What is important to understand is that Jesus, the Messiah, is the stone that lies before all our paths in life. The way we respond to Him is determined by the issue of faith. Will we bow to Christ in faith, or will we reject Him and suffer loss?
THE SECOND THING WE NEED TO EMBRACE TO LIVE AS GOD DESIGNED IS APPLYING THAT CALLING INTO OUR LIFESTYLE
What are the implications of being a living stone in God’s temple?
The Christian church is not primarily a social organization but the new temple where the transformed lives of believers are offered as sacrifice to the glory of God. The imagery of the living stones being built into a single unit implies that the significance and purpose of the individual Christian cannot be realized apart from community with other believers.[xix]
We are not only part of the temple as ‘living stones,’ but also we serve in that temple as its priests.
A. We are the priests that offer spiritual sacrifices.
“You also, like living stones, are being built into a spiritual house to be a holy priesthood, offering spiritual sacrifices acceptable to God through Jesus Christ (1 Peter 2:5).”
What are the spiritual sacrifices that we offer up? It begins with the offering of ourselves in totality to God. “Therefore, I urge you, brothers and sisters, in view of God’s mercy, to offer your bodies as living sacrifice, holy and pleasing to God-this is your true and proper worship (Romans 12:1).”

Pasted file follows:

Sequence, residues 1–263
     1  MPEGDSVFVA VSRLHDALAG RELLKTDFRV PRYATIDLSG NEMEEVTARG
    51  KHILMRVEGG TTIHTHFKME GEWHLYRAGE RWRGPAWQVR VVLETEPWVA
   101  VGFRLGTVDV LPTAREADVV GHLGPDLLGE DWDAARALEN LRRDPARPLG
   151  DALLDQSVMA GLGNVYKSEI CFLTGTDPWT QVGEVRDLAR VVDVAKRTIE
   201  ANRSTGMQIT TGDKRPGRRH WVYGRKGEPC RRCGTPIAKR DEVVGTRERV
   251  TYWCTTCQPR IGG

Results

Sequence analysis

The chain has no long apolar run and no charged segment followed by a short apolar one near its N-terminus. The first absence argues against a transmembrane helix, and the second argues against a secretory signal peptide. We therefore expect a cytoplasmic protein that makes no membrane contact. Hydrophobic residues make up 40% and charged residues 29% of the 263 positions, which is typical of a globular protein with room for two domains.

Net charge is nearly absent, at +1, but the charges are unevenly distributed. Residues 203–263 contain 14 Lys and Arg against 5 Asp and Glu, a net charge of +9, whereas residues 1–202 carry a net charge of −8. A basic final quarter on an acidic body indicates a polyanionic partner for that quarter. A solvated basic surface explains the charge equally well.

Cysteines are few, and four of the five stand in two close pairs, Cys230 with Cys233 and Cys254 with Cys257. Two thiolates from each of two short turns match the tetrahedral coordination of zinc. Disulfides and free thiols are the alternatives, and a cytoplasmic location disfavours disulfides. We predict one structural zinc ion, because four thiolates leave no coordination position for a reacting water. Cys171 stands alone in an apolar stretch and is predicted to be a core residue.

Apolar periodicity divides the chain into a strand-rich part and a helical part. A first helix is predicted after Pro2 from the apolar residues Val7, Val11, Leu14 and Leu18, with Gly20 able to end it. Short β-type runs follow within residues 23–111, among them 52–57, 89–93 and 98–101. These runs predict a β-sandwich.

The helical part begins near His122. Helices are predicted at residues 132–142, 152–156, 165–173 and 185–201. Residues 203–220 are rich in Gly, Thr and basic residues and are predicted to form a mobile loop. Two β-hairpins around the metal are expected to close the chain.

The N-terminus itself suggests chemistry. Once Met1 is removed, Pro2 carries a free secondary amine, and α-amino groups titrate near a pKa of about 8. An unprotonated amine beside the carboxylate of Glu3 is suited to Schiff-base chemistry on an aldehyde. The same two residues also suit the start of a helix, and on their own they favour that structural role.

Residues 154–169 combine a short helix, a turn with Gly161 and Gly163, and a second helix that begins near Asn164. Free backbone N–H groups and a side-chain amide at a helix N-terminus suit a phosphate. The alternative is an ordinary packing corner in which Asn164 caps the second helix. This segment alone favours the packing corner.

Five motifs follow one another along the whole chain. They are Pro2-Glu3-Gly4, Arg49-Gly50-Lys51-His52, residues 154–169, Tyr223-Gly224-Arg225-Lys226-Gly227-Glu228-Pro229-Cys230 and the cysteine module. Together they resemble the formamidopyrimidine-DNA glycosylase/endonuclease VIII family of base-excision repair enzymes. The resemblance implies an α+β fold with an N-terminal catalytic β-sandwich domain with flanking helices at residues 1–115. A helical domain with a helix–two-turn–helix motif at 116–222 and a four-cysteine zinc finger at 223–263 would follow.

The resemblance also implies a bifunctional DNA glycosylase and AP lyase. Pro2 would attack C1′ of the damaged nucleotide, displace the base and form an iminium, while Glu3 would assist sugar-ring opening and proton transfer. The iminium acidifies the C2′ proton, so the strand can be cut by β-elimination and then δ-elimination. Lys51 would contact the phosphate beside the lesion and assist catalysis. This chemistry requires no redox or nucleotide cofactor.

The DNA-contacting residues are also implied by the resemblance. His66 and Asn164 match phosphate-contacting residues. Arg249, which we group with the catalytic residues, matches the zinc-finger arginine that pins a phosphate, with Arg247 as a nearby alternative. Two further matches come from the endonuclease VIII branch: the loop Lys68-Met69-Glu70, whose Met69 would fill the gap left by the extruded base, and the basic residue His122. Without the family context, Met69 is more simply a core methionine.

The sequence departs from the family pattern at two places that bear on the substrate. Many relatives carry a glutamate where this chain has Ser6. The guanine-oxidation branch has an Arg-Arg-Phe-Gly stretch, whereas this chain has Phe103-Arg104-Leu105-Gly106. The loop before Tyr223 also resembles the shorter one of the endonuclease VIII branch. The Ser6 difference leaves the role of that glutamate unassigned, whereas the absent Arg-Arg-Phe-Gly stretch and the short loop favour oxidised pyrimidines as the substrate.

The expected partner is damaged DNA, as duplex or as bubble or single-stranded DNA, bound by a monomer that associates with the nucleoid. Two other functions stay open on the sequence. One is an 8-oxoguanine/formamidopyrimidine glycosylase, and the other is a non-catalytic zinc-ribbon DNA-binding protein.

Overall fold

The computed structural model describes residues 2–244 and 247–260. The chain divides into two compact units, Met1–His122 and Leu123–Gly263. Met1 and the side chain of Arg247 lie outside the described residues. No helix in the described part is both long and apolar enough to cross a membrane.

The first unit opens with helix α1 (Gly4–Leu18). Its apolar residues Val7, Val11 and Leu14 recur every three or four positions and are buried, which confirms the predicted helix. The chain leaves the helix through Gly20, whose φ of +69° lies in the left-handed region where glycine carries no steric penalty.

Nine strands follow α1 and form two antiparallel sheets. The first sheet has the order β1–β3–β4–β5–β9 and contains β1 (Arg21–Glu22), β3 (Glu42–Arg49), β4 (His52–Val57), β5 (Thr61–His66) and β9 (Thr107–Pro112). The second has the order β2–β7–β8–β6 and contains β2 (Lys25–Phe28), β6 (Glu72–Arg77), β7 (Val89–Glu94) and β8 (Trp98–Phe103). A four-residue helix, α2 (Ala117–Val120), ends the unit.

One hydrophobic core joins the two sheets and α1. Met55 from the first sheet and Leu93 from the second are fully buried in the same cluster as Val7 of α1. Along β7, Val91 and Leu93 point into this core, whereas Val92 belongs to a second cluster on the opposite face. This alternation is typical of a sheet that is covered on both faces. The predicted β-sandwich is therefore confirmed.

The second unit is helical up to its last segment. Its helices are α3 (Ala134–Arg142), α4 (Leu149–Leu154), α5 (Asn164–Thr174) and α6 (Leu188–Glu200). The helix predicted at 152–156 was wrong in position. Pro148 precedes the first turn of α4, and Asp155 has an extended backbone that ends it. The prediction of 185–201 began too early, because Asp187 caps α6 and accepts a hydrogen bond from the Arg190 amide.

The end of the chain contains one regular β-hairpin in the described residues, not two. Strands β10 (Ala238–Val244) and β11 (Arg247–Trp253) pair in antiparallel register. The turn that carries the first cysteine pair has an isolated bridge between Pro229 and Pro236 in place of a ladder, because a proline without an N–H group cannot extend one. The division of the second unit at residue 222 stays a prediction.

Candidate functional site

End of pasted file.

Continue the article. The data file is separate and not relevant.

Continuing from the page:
What are some of the ways that we do offer ourselves completely to God? What we do and say are all expressions of worship to God.
Through Jesus, therefore, let us continually offer to God a sacrifice of praise-the fruit of our lips that openly profess his name.
And do not forget to do good and to share with others, for with such sacrifices God is pleased.[xx]
So, the first way in which we function as spiritual priests is by offering the sacrifice of praise to God, which is what worship is. Worship is not entertainment. Worship is when the people of God lift up their praises, adoration, and affection to God.[xxi]
When we share the gospel of Jesus with others we are actually engaged in a priestly duty. We are bringing people to God. Paul described his sharing of the gospel as a priestly function. “to be a minister of Christ Jesus to the Gentiles. He gave me the priestly duty of proclaiming the gospel of God, so that the Gentiles might become an offering acceptable to God, sanctified by the Holy Spirit (Romans 15:16).” This speaks specifically about the apostle Paul but it is applicable to all of us. Here in our text Peter states it explicitly.
But you are a chosen people, royal priesthood, a holy nation, God’s special possession, that you may declare the praises of him who called you out of darkness into his wonderful light.
Once you were not a people, but now you are the people of God; once you had not received mercy, but now you have received mercy.[xxii]